New York Tech’s student-built OPEN House


New York Tech’s OPEN House Is Now a COVID-19 Emergency Site

March 24, 2020

OPEN House, a solar home built by an interdisciplinary team led by NYIT School of Architecture and Design and NYIT College of Engineering and Computing Sciences students, is now the site of a COVID-19 emergency operations center at Point Lookout, Long Island. Constructed in 2007 for the U.S. Department of Energy Solar Decathlon held in Washington, D.C., the structure was donated to the Town of Hempstead by the university after the competition.

In a story published on March 23, Newsday reports that David Neubert, M.D., is monitoring the health of workers from within the solar home. “Dr. Dave,” as he is known by colleagues, is in charge of managing the Town of Hempstead’s emergency medical services, and treating and diagnosing more than 1,800 workers.

“Because of the work and collaboration by Dr. Dave, this is why we don’t have more confirmed cases,” Councilman Anthony D’Esposito said. “This is preventing further spread of the virus.”

“We’re basically running a disaster response and a medical branch of disaster response for the town,” Neubert said in the article. “We’re concentrating on the medical aspects of the town and ensuring the health and safety of our workers. It’s so the workforce can be resilient and government can continue essential functions during the extent of the pandemic.”

The structure’s original purpose was in response to a challenge posed by the U.S. Department of Energy to inform, educate and raise public awareness about alternative and renewable energy sources, sustainable design and reducing the environmental impact of conventional construction. There were tasked with designing, building and operating the most attractive and energy-efficient solar-powered home. New York Tech’s student team was among 20 colleges competing from the United States, Puerto Rico, Germany, Spain, and Canada.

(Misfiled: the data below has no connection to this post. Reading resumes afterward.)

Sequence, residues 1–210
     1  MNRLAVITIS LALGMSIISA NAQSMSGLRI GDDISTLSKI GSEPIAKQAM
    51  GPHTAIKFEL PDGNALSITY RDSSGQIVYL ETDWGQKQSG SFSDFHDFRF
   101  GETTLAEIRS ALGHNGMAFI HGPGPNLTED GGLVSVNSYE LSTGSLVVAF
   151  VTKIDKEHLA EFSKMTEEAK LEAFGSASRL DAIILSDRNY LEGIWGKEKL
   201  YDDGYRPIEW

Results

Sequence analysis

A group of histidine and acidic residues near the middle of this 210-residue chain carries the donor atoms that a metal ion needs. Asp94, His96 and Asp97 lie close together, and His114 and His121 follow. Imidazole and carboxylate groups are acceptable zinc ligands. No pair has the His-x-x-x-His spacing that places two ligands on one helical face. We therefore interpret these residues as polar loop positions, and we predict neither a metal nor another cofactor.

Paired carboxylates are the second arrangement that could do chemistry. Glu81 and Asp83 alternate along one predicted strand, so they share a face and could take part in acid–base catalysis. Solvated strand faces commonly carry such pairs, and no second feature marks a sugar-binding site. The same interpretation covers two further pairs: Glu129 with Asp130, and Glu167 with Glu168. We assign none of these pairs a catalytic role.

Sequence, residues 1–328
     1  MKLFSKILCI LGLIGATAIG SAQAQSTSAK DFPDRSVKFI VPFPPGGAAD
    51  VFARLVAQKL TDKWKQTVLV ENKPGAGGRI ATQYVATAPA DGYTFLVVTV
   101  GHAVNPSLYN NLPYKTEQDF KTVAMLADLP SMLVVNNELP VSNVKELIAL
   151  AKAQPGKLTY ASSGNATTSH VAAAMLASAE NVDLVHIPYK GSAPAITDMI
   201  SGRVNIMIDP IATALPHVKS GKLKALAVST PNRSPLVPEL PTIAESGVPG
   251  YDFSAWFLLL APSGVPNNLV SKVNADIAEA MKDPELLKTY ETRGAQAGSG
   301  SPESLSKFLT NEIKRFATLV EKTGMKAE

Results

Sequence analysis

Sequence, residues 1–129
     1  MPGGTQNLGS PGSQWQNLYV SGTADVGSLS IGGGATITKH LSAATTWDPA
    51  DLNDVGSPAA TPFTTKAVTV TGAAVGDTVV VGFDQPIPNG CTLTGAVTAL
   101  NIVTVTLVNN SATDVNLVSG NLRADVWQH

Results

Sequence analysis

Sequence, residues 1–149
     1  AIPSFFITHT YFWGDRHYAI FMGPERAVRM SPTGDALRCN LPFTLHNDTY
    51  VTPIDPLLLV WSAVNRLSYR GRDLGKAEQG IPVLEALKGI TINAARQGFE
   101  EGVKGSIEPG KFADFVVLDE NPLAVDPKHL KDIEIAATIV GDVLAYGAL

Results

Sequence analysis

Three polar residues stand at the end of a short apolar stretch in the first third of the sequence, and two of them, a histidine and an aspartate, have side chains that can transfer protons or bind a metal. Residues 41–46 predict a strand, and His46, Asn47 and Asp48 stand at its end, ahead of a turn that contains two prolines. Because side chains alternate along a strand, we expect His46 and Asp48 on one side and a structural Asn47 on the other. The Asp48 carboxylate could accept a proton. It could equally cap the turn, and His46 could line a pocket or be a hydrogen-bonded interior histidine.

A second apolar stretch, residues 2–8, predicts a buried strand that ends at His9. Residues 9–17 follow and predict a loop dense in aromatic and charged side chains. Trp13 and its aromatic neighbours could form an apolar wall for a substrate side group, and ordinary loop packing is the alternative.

“The conversion of the solar home into a center for medical operations during this unprecedented emergency, previously used for office and teaching spaces in Point Lookout, involves a reflection on the social purpose of architecture,” said Maria Perbellini, M.Arch., dean of NYIT School of Architecture and Design. “The responsibility of architectural design is more than just creating beautiful and efficient buildings. It is about the social value, the role that architecture has in offering adaptable spaces for the needs of individuals and communities.”

Read the full article in Newsday (log-in required).